Suddenly, incredibly, I heard a burst of classical music. It was a grand piano! Yes, right there in the middle of the street! A street-artist had somehow transported his enormous polished piano amidst all the flowers, gothic palaces and grand stores, and was playing a sonata as though his heart would break. Tourists, locals, and passers-by thronged around him clicking away madly at their cameras and mobile phones. Talk about live street-art!

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And we hadn’t even visited any of the places on our itinerary yet!

… more to come in a later entry!

P.S All photos are originals, taken by me on site.

 

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Another Joke presented by… THE MALTESE GOVERNMENT!! *sigh*

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This is hilarious, seriously, the Maltese government, no matter which political party is manning the post, is a total joke. I admit, they have their good moments, like finally opening up their eyes and realizing we now live in the 21st century and finally bring us to step with the rest of the world by ‘introducing’ divorce (yes divorce in Malta only became legal a couple of years ago), making same-sex marriages legal (last year), and providing a choice for children who wish to take another subject at school instead of one which promotes only the Christian religion, under the misleading title ‘religion’ (this is still in process).

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However, every silver lining is to be found in the middle of a very dense and smokey cloud… metaphorically speaking.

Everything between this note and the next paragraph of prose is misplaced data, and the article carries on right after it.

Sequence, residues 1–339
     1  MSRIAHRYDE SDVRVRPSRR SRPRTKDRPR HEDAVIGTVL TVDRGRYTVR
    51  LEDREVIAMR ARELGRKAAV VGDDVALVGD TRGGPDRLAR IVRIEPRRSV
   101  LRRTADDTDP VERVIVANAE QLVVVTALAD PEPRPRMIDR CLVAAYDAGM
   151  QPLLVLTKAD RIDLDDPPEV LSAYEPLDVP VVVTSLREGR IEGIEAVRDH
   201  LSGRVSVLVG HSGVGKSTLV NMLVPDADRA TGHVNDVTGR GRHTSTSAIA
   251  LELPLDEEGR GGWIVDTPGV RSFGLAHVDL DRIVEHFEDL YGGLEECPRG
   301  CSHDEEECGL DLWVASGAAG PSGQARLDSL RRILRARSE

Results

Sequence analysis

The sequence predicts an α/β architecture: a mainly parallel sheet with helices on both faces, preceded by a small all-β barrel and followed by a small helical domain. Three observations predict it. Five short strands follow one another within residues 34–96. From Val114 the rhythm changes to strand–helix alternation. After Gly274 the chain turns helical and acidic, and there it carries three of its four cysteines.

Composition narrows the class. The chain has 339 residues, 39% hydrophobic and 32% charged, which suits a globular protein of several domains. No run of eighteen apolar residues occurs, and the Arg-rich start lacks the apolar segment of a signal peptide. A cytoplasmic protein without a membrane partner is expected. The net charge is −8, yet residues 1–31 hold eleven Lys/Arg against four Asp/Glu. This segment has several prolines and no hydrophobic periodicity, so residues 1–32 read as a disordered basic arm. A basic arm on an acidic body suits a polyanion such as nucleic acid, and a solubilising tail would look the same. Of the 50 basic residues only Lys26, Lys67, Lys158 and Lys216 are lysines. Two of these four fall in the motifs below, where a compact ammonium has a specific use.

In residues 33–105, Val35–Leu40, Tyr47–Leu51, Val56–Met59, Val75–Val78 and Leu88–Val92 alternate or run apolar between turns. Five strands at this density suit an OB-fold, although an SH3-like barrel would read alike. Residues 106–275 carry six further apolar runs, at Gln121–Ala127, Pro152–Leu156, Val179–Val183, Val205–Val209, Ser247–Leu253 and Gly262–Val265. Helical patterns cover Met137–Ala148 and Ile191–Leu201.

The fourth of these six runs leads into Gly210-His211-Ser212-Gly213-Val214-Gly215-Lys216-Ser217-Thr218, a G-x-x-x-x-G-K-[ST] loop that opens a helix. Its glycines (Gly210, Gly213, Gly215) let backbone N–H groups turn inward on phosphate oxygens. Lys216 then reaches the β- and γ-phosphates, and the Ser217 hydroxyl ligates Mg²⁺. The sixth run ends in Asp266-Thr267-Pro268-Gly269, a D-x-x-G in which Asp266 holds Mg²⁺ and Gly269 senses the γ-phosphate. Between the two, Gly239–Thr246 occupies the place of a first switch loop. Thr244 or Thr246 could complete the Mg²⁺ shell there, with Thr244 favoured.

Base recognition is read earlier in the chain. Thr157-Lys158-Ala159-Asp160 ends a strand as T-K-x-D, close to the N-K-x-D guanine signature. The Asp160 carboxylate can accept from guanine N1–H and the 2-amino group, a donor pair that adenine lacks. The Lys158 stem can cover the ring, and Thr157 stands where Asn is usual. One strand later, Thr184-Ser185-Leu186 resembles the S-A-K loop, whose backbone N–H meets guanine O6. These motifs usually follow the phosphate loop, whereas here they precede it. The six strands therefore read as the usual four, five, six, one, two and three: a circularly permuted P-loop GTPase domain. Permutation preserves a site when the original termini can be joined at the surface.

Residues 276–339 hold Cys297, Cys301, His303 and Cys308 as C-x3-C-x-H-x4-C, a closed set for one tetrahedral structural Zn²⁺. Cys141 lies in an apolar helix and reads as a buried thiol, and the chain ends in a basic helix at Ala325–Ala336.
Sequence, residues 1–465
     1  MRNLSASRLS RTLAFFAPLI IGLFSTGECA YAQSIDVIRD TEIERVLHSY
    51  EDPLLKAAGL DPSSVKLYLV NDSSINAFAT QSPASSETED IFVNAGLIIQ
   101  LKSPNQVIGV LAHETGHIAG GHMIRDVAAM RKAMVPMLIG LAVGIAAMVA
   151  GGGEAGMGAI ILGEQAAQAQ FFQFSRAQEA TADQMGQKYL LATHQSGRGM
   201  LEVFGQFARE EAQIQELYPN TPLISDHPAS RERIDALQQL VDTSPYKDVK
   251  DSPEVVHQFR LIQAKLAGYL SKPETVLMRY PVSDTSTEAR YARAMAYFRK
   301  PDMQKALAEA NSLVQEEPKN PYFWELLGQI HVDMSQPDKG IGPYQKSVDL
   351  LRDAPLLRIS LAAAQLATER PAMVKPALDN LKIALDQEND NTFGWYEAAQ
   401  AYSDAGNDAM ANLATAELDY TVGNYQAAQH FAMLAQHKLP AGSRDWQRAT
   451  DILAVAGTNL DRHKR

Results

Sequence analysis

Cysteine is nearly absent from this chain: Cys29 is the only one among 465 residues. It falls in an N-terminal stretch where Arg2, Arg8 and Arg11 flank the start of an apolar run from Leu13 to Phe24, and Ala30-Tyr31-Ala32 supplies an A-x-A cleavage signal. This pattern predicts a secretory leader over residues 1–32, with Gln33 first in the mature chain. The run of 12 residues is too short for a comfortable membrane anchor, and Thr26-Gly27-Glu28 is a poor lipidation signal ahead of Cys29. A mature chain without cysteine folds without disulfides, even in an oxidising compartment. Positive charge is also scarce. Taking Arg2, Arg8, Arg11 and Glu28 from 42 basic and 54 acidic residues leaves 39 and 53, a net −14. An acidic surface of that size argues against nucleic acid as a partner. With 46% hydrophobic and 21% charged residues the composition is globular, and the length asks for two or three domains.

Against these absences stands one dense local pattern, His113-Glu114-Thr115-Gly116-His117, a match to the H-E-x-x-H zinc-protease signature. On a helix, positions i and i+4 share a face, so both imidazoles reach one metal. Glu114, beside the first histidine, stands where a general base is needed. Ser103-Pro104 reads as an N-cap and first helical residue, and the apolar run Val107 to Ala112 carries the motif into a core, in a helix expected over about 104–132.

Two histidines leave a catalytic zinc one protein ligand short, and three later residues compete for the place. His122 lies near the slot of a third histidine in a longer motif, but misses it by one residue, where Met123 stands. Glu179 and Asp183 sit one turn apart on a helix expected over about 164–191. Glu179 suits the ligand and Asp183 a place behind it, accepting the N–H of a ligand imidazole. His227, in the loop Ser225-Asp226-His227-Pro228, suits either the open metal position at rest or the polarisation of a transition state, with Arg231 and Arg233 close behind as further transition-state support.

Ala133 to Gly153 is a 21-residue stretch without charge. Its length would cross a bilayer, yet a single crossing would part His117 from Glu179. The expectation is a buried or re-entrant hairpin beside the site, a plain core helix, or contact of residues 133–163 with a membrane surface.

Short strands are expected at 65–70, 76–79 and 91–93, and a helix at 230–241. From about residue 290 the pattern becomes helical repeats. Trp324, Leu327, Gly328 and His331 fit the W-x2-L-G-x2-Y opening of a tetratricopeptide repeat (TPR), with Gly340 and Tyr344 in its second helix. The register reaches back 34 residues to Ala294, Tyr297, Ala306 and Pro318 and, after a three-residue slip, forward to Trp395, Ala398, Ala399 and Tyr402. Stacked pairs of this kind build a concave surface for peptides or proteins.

The latest joke is this – apparently a certain study showed that more of half of the over-70s in Malta are suffering from high blood pressure (most old people do – unfortunately it’s one of the ‘perks’ of getting old). One of the reasons for high-blood pressure is also a salty diet, that is, eating salty food.

http://www.timesofmalta.com/articles/view/20150303/local/health-authorities-to-discuss-salt-content-reduction-in-maltese-bread.558236

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Since the problem is that middle-aged and senior citizens seem to disregard the fact that due to body changes which happen later in life, one’s physical synapses and metabolism change, and that therefore one cannot continue to eat the same foods one ate during one’s youth with impunity, the obvious solution here would be to educate the masses. Maybe provide free classes or other information in order to make people aware of the importance of a balanced diet.

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BUT NO – The Maltese government, in a funny twist of mind-numbing and mind-bending trapeze-scrambling, has decided that since old people eat a lot of bread, and this is ‘salty’, new laws stating that the percentage of salt used in dough should be written, in order for the bread one buys in shops to be ‘more healthy’… seriously… WTF?

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I love Maltese bread. It’s fresh and crunchy and really different from the bread I bought while I was in other countries lik Britain, Ireland, France and even Italy. There is no bread like Maltese bread – PLEASE LEAVE IT AS IT IS! THIS IS PURE STUPIDITY!!

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What’s wrong with you people??